The authors declare that the research was conducted in the absence of any commercial or financial relationships that could be construed as a potential conflict of interest.

Publisher’s Note

All claims expressed in this article are solely those of the authors and do not necessarily represent those of their affiliated organizations, or those of the publisher, the editors and the reviewers. Any product that may be evaluated in this article, or claim that may be made by its manufacturer, is not guaranteed or endorsed by the publisher.

Acknowledgments

The authors wish to thank the students who consented to participate in the Smartphone study and gave their valuable opinion. The authors extend their gratitude to Professor R. Clive Landis (Pro Vice-Chancellor and Principal, The University of the West Indies, Cave Hill Campus, Barbados) for providing his valuable advice during manuscript writing and journal selection, Professor Simon Anderson (Director, George Alleyne Chronic Diseases Research Centre, GACDRC, and Professor of Population Health Sciences, Faculty of Medical Sciences, UWI Cave Hill Campus, Barbados) for critical review of the manuscript and Professor Ian Hambleton (Professor of Biostatistics at the George Alleyne Chronic disease Research Centre, GACDRC) for his inputs and expert advice during the preparation of this manuscript and statistical analysis. The authors are grateful to the team of the Author Fellowship Programme at the UWI Cave Hill Campus, Barbados for their support and guidance.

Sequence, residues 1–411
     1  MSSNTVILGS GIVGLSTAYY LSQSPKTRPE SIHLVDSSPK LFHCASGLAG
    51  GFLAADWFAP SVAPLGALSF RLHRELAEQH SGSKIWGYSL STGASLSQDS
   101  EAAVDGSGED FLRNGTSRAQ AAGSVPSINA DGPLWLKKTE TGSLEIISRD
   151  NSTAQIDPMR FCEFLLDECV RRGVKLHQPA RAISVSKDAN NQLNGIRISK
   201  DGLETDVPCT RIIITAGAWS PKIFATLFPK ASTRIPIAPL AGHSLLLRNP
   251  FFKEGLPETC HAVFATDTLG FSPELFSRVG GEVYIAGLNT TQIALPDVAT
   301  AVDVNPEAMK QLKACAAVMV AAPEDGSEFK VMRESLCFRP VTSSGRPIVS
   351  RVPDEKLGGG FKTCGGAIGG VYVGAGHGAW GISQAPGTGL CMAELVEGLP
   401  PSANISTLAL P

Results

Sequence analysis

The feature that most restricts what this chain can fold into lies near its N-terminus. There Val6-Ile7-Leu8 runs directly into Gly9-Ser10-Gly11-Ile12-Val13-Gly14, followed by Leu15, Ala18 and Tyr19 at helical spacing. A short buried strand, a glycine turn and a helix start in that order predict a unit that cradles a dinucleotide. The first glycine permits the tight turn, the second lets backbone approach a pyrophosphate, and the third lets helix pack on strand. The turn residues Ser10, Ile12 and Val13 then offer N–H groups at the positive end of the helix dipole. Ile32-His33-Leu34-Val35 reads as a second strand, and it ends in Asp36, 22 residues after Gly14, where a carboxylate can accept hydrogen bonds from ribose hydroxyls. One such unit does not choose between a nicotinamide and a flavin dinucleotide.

Abbreviations

UWI, The University of the West Indies; COVID-19, Corona Virus disease 2019; PDA, Personal Digital Assistants; FMS, Faculty of Medical Sciences; MBBS, Bachelor of Medicine and Bachelor of Surgery; IRB, Institutional Review Board; CARICOM, Caribbean Community and Common Market

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Keywords: smartphones, medical education apps, medical education, smart campus, Barbados

Citation: Singh K, Sarkar S, Gaur U, Gupta S, Adams OP, Sa B and Majumder MAA (2021) Smartphones and Educational Apps Use Among Medical Students of a Smart University Campus. Front. Commun. 6:649102. doi: 10.3389/fcomm.2021.649102

Received: 03 January 2021; Accepted: 04 October 2021;
Published: 02 November 2021.

Edited by:

Vinita Agarwal, Salisbury University, United States

Reviewed by:

Heloise Pieterse, Council for Scientific and Industrial Research (CSIR), South Africa
Jennifer K. Ptacek, University of Dayton, United States

Copyright © 2021 Singh, Sarkar, Gaur, Gupta, Adams, Sa and Majumder. This is an open-access article distributed under the terms of the Creative Commons Attribution License (CC BY). The use, distribution or reproduction in other forums is permitted, provided the original author(s) and the copyright owner(s) are credited and that the original publication in this journal is cited, in accordance with accepted academic practice. No use, distribution or reproduction is permitted which does not comply with these terms.

*Correspondence: M. A. A. Majumder, azim.majumder@cavehill.uwi.edu